New Delhi’s decision to call off India-Pakistan secretary level talks scheduled after a two-year break was conveyed by Foreign Secretary Sujatha Singh to High Commissioner Abdul Basit on 19 August ’14, just minutes after he met the leader of J&K Democratic Freedom Party Shabir Shah, stating that the meeting “with these so called leaders of the Hurriyat undermines the constructive diplomatic engagement initiated by Prime Minister Modi in May on his very first day in office.” The government’s annoyance was conveyed in the statement: “The invitation to socalled leaders of the Hurriyat by Pakistan’s High Commissioner does indeed raise questions about Pakistan’s sincerity, and shows that its negative approaches and attempts to interfere in India’s internal affairs continue unabated… Under the present circumstances, it is felt that no useful purpose will be served by the Indian Foreign Secretary going to Islamabad next week.” Responding to India’s move to cancel talks the Pakistani Foreign Office stated that it was “ a setback to the efforts to promote good neighbourly relations with India”, and that the meeting with Kashmiri leaders was a “long-standing practice” prior to Pakistan-India talks. While past governments raised objections, but took no action when Pakistani diplomats and leaders met Kashmiri separatist leaders, this time Pak High Commission officials said that New Delhi’s decision had come as a “surprise”.
Meanwhile, Pak army/ rangers had been violating the ceasefire across both the International Boundary (IB) and the Line of Control (LoC) in J & K on a daily basis. While Indian villages along the IB in south J&K were targeted with mortars in addition to small arms, disrupting life and causing civilian casualties, Pak army’s pet terrorist groups Lashkar e Taiyyaba (LeT) and Jaish e Mohammad (JeM) launched attacks in the Valley. The tally of violations in August ’14 itself had crossed 100, exceeding the previous year’s figure. Defence Minister Arun Jaitley who toured forward areas of the LoC and international borders, criticised Pakistan for “deliberate ceasefire violations” and said, “Pakistan and ‘powers within’ it clearly do not want ties with India to be normal.” And yet again, Army discovered a cross border tunnel opening almost 50 meters inside India in Pallanwala sector of J&K. In fact, even during severe floods in J&K, LeT continued its attacks in the Valley.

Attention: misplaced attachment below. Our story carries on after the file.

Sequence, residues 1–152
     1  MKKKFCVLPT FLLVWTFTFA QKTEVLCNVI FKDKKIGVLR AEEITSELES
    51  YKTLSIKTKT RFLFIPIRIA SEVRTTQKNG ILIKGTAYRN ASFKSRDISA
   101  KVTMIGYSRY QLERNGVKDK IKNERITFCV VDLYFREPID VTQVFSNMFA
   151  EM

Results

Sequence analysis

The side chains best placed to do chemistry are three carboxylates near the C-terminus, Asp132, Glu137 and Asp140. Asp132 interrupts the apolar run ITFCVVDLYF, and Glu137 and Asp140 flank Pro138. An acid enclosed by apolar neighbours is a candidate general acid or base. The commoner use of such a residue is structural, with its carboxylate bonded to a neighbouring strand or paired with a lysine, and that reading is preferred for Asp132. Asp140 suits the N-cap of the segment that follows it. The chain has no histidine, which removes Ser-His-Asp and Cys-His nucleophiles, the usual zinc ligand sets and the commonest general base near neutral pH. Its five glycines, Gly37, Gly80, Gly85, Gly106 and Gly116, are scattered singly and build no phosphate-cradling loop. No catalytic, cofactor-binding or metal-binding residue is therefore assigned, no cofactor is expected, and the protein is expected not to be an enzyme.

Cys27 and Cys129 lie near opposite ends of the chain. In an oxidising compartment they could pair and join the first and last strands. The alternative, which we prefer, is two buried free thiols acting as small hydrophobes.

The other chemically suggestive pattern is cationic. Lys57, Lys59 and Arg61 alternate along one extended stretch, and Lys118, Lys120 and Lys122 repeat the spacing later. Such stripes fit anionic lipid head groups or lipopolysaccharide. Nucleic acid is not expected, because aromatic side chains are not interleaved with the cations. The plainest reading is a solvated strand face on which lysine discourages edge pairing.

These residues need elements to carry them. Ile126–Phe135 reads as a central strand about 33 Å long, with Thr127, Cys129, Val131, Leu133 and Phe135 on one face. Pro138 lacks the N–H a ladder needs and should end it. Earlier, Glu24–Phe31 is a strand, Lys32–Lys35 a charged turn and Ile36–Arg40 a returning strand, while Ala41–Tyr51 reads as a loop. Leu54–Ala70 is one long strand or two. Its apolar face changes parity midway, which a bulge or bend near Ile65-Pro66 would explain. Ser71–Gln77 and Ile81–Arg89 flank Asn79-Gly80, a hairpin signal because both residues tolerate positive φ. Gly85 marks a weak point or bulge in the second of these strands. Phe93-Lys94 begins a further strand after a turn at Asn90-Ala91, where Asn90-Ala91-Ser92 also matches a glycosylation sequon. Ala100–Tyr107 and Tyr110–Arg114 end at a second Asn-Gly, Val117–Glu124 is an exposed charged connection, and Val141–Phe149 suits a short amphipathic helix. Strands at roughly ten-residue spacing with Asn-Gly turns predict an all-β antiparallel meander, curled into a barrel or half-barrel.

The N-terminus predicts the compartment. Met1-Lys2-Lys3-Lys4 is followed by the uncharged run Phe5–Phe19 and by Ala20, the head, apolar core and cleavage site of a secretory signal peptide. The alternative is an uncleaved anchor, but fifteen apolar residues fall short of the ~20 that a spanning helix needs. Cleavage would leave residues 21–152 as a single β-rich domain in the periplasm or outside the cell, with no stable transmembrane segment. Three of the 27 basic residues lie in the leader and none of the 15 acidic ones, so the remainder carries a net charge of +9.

The very next day after India’s refusal for talks- on 20 August ’14- the Pakistan High Commissioner, Abdul Basit came to the Foreign Correspondents Club in Delhi with a posse of diplomats to talk to the media. Grilled by journalists on Pakistan’s compulsions to parley with Kashmiri separatists, Basit kept parroting Pakistan’s commitment to the “peace process” and “include all stakeholders”. To my queries as to why Pakistan involved separatists when two elected governments were to hold talks and how could talks succeed when Pak army continued to violate the ceasefire, Basit merely commented “those are your views”, but without a rationale.
Maj Gen Dhruv Katoch, SM, VSM (retd), Director, Centre for Land Warfare Studies, while discussing border violations and India’s so far defensive policy, opined: “While Pak army supported terrorists crossing over into India are dealt with by Indian Army, the cost to India is high while the cost to Pakistan remains minimal. This needs to be reversed by imposing a heavy cost on the adjacent Pakistani military posts that are perceived to be supporting the terrorists. The Prime Minister or the President of India should enunciate a national doctrine, which should be supplemented by a military doctrine to implement national policy directives in pursuance of India’s vital national interests”. While the Modi government is responding relatively assertively, what needs to be done is institutionalizing graduated doctrinal responses to ceasefire violations and terrorist attacks by Pakistan.
The author Lt Col Anil Bhat VSM
(Retd) is the Associate Editor of Salute